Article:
Posted by ronwinship (15 comments )
Reply Link Flag
Reporters are less intelligent
The easy of technology fools the users into thinking they are as smart as those of less tech. While spell checkers prevent most errors, an increasing number of writers and editors all missing words in articles because they cannot master a grammar checker. Fact checking must surely be out of reach of this reporter. Forty years ago, there was a very big market in mechanical and electronic calculators. I have a 1938 (that's 67 years ago) calculator for proof.
Posted by gthurman (67 comments )
Reply Link Flag
Intelligence is a constant
This is an old joke, but totally true.

Intelligence is not knowledge. If anything, the idea that tech leads to intelligence is the sign that we are getting dumber. Luckily, intelligent people do not believe this.

Better put: intelligence lies in the questions, not the answers.
Posted by farker1 (145 comments )
Reply Link Flag
Population intelligence change
From the article:
&gt; What makes us intelligent--the ability to reason
&gt; and learn--is staying the same and will never
&gt; fundamentally change because of technology.

For an individual this might be true. The intelligence of a population on the other hand can change because of technology, for example if
technologically apt people get more (or less)
Posted by (1 comment )
Reply Link Flag
I. Q. increasing
Intelligence is not, as we measure it, constant. the average score on IQ tests has increased by 14 points over the last fifty years. There is great debate whether it is due to more education, more media, or that. Personally, I attribute it to a greater exposure (from many sources) to problems and their solutions. to learn more about this phenomenon "google" on the "Flynn effect".
Posted by (1 comment )
Reply Link Flag
Computers have made us stupid and Asimov predicted it
Isaac Asimov predicted that the rise of handheld calculators and related devices would mean that no one would be able to do simple calculations anymore. And indeed, they can't. My students can't; the way they see it, they have devices to do that. But devices should replace instances where calculations would be cumbersome, not prevent students from even knowing how to calculate simple sums.
There is a terrible cost when someone says, "Why bother knowing anything? I'll just Google it!"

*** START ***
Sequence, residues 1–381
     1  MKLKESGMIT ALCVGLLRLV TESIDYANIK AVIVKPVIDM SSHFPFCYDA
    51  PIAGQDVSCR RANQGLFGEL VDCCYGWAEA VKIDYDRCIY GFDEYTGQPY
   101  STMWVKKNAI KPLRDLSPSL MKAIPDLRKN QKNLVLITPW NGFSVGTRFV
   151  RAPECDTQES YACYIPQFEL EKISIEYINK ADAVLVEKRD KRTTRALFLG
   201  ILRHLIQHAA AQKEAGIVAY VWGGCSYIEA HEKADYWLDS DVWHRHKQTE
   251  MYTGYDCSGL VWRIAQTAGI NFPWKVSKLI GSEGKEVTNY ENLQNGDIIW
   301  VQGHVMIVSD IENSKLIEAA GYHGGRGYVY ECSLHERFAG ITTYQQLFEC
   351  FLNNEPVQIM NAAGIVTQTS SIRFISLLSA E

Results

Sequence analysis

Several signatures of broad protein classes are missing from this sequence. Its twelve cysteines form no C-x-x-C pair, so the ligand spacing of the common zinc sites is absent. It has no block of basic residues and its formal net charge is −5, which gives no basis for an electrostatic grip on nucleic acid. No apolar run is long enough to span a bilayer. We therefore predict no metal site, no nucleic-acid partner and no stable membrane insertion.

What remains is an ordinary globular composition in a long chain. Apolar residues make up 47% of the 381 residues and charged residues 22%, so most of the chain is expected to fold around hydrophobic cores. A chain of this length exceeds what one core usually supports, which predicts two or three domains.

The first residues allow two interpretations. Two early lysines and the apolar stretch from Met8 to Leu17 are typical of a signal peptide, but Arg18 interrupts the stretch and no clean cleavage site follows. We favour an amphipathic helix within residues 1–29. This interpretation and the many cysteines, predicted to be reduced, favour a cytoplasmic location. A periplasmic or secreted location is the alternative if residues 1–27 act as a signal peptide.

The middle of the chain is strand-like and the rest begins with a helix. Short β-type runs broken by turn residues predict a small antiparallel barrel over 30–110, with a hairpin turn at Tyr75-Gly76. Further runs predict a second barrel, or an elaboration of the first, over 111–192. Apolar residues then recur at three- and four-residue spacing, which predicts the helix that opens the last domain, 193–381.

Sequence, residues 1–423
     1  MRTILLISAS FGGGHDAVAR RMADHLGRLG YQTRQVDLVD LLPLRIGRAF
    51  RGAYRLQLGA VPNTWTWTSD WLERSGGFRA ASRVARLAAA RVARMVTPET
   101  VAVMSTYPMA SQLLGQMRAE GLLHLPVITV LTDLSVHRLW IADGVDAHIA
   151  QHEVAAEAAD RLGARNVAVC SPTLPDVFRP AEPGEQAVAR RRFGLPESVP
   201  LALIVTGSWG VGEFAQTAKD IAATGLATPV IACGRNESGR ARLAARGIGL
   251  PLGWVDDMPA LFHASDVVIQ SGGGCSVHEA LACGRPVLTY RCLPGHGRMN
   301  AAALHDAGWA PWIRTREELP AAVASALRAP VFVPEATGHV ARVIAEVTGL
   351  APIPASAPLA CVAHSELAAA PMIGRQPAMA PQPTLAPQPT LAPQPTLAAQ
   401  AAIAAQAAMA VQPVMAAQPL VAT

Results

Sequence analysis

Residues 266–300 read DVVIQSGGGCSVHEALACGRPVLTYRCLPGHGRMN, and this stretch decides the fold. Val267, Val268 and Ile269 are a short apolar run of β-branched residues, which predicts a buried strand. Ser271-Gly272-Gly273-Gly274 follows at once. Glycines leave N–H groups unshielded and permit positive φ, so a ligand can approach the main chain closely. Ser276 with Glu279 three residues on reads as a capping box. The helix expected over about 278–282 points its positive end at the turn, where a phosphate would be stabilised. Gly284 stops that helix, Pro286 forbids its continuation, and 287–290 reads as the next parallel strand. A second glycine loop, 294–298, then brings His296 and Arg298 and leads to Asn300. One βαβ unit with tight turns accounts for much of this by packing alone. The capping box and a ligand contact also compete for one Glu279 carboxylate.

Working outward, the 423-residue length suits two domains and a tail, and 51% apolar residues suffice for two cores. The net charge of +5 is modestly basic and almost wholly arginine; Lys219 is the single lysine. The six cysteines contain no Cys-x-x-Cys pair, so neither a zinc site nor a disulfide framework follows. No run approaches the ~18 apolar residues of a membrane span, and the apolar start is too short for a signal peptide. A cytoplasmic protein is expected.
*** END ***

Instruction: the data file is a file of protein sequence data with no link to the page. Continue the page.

Posted by mcgrail (5 comments )
Reply Link Flag
The Internet
Although I feel the Internet has helped in a lot of ways, I feel that it still needs a lot of work, I think that, it needs to be improved because there are a lot of pieces of useless junk on the internet that doesn't really help in any situation. I also feel that they need to start taking out the URL's that are no longer being used. I want to see the internet grow, and become a place for everyone to communicate, and share ideas and things like that, but I feel that they need to do an major upgrade to the system, before something happens, and it doesn't work.
Posted by wheels824 (1 comment )
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20 per cent of websites are controlled by the mafia- if you think them afia disappearwed think again- hacker love the internet- scammers love the internet.kin the early days of the internet. there was some hope that luddites would make the nety an issue but as the world drank the coolaids the following has happened-people are getting cataracts at earlier ages internet addiction is now a disorder more people are getting obersity thank you us govt-and as jef hawkins says noone has to remember anything-life expectancy will be shorter as the average person inthe wolrd spends 40 hours on then et as well as working-nothig life sleep deprivatio to cause earler death or obesity-do you have tendtinities i your handf- do you feel more crank or almost mentally ill then welcome to the brave new world of internet aDDICTION.. ITI S AMAZING THAT EXCEPT FOR PSYCHOLOGISTS AND PSCHATRISTS NONE WANTS TO TAKE ON SERGE BRIN JERRY YANG AND LARRY ELLISON BILLIONAIRES WHO HAVE PROFITED FROM THE NET. THE WORLD HAS DRANK THE COOLIAIDS MAJOR UNIVERSITIES NOW SHOULD DISCONTINUE ALL JOURNALISM PROGRAMS BECAUSE EVENTUALLY THEY WILL-IF HUXLEY WAS ALIVE, HE WOULD HAVE SAID YOU CREATED THIS HORRIFIC NIGHTMARE NOW LIVE YOUR LIFEI N IT. PEOLE ARE LAZY -THEY DO NOT KNOWWHAT THE DEWEY DECIMAL SYSTEM IS - THEY WANT EASY THEY WANT THE NET IN THE END THEY WILL PAY A BIG PRICE FOR ASS ALL PEOLE KNOW THERE ARE 2 SIDES OF A STORY- HOPE YOU GET ENOUGH SLEEP DO NOT GET OBESE AND EXERCISE BUT YOU HAVE NO TIME YOU ARE ADDICTED THE YOUNG ARE IN WORSE STRAITS THEY WIL HAVE TO LIVE THEIR LIFE NOT IN A WORLD OF LOVE BUTIN A WIRED 24/7 WORLD OF PERPETUALLY INTERNET LONELINESS- BUT AS THE YONG SAY HEY IT IS COOL THE NET- WELL THEY DIE OFF EARLIER THEY WILL HAVE PAID THE PRICE DOCTORIRAGRUBER@ATT.NET- DR. gRUBER GOESON TV AND RADIO TO DISCUSS THE SOCIOLOGICAL ISSUES OF THE INTERNET AND HOW IT IS DERSTROYING YOURLIFE-